The hydrolytic activity of phosphatidylcholine phospholipase D in the synaptosomes from canine brain was examined using a radiochemical assay with 1,2-dipalmitoyl-sn-glycerol-3-phosphoryl[3H]choline as the exogenous substrate. The involvement of G protein(s) in regulation of this enzyme was demonstated by a 2- to 3-fold stimulation of the basal activity (4.81 ± 0.44 nmol choline released/mg protein/h) with guanosine 5'-(3-O-thiol)triphosphate (GTPγS), guanyl-5'-yl-(β,γ-methylene)diphosphonate, aluminum fluoride, or cholera toxin. The stimulation of phospholipase D hydrolytic activity by GTPγS was inhibited by 2 mM guanosine 5'-(2-O-thiol)diphosphate. GTPγS at the maximum stimulatory concentration (10 μM) had an additive effect on the maximum cholera toxin stimulation of phospholipase D activity. However, the reverse was not true, thus indicating the possibility that more than one G protein may be involved. Furthermore, cholinergic agonists, including acetylcholine, carbachol, and muscarine, were able to increase the phospholipase D hydrolytic activity at low but not maximally stimulatory concentrations of guanine nucleotide. These cholinergic stimulations were antagonized by atropine, a muscarinic blocker. In addition, O-tetradecanoylphorbol 13-acetate, a protein kinase C activator, was able to stimulate the hydrolytic activity of phospholipase D more than 300% in the presence of 0.2 μM GTPγS. However, in the absence of GTPγS, stimulation was less than 60%. Our results not only indicate that the receptor-G protein-regulated phospholipase D may be directly responsible for the rapid accumulation of choline and phosphatidic acid in the central nervous system but also reveal that muscarinic acetylcholine receptor-G protein-regulated phospholipase D is a novel signal transduction process coupling the neuronal muscarinic receptor to cellular responses.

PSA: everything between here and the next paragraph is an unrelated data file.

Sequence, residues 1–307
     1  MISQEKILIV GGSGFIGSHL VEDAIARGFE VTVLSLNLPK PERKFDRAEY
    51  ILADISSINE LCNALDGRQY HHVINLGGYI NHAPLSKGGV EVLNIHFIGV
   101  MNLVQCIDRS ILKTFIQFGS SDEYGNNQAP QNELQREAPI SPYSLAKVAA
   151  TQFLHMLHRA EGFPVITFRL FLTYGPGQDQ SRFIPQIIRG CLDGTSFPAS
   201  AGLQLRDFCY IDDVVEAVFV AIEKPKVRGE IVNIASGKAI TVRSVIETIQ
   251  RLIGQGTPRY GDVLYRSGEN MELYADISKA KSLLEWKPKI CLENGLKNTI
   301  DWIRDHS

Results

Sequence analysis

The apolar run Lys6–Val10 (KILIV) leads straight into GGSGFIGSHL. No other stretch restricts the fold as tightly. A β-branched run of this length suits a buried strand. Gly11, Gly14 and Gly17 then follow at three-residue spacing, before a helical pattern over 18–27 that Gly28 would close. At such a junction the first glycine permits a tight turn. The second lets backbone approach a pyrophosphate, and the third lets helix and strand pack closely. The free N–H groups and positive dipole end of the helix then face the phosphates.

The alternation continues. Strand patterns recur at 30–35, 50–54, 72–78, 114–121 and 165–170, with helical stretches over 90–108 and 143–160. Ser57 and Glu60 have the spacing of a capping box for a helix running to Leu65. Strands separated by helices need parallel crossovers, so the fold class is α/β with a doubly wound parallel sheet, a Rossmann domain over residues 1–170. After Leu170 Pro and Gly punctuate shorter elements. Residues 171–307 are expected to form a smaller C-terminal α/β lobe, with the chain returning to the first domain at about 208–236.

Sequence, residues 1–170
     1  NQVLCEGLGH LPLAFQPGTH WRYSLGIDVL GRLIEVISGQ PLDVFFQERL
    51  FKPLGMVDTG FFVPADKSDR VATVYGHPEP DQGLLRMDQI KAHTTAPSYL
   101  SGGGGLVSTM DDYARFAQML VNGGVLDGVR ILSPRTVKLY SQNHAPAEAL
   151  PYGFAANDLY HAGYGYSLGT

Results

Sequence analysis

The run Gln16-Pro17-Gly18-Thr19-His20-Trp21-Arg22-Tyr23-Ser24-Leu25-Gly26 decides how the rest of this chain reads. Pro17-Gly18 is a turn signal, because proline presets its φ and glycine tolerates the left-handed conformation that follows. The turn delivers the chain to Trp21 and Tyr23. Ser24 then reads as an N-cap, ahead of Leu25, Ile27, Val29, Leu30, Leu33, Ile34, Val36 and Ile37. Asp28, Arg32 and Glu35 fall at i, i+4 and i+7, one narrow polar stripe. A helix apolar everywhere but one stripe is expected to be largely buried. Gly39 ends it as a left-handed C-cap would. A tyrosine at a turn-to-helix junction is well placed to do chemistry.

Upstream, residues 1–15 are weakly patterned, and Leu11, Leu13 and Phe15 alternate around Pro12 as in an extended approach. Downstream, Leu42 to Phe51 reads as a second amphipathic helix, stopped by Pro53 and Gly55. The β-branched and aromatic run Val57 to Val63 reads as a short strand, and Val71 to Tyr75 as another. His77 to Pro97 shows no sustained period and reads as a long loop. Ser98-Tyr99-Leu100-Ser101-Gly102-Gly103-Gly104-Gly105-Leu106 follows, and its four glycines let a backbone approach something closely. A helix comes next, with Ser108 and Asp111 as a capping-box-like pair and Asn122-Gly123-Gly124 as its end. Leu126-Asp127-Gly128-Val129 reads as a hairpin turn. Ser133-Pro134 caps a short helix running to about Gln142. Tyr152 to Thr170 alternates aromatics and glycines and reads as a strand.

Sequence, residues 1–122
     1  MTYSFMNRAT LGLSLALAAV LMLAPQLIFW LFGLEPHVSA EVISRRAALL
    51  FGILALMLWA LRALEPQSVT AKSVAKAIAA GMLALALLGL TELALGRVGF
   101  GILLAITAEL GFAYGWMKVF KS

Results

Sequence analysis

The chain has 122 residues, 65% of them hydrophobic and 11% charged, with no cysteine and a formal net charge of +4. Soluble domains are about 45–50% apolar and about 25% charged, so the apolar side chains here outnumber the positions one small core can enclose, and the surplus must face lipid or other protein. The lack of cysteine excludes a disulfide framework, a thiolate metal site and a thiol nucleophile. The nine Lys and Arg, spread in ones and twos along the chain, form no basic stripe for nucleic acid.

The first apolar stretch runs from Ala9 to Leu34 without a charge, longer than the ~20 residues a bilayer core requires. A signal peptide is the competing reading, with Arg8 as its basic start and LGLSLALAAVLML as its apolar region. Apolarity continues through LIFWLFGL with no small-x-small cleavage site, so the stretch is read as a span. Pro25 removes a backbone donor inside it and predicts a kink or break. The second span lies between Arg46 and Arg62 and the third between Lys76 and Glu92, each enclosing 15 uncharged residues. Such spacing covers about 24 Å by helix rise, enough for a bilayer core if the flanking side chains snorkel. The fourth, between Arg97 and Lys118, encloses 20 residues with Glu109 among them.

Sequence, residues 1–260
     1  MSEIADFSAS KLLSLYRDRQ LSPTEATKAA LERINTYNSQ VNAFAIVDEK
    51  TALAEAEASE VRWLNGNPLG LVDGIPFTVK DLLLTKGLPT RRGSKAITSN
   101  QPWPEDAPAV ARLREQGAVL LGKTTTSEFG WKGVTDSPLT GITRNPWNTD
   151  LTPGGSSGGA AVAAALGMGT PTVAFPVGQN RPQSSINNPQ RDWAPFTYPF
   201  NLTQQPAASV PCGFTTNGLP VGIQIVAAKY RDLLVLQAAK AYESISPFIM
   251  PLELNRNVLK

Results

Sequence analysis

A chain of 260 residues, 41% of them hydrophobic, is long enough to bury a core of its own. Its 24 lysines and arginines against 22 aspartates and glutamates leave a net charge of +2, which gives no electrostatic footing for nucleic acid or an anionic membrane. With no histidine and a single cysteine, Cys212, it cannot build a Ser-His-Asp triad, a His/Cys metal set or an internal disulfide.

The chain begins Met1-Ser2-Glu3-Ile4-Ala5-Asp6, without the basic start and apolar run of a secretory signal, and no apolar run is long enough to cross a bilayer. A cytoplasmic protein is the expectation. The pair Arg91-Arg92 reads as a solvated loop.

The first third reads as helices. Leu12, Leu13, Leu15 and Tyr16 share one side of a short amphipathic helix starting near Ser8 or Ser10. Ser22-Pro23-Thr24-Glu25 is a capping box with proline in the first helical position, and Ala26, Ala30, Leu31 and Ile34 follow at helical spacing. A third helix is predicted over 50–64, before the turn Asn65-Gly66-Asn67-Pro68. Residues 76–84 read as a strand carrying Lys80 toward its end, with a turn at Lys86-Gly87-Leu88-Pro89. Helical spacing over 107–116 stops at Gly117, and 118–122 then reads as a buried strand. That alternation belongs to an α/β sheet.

|Original language||English (US)|
|Number of pages||5|
|Journal||Journal of Biological Chemistry|
|State||Published - Dec 1 1989|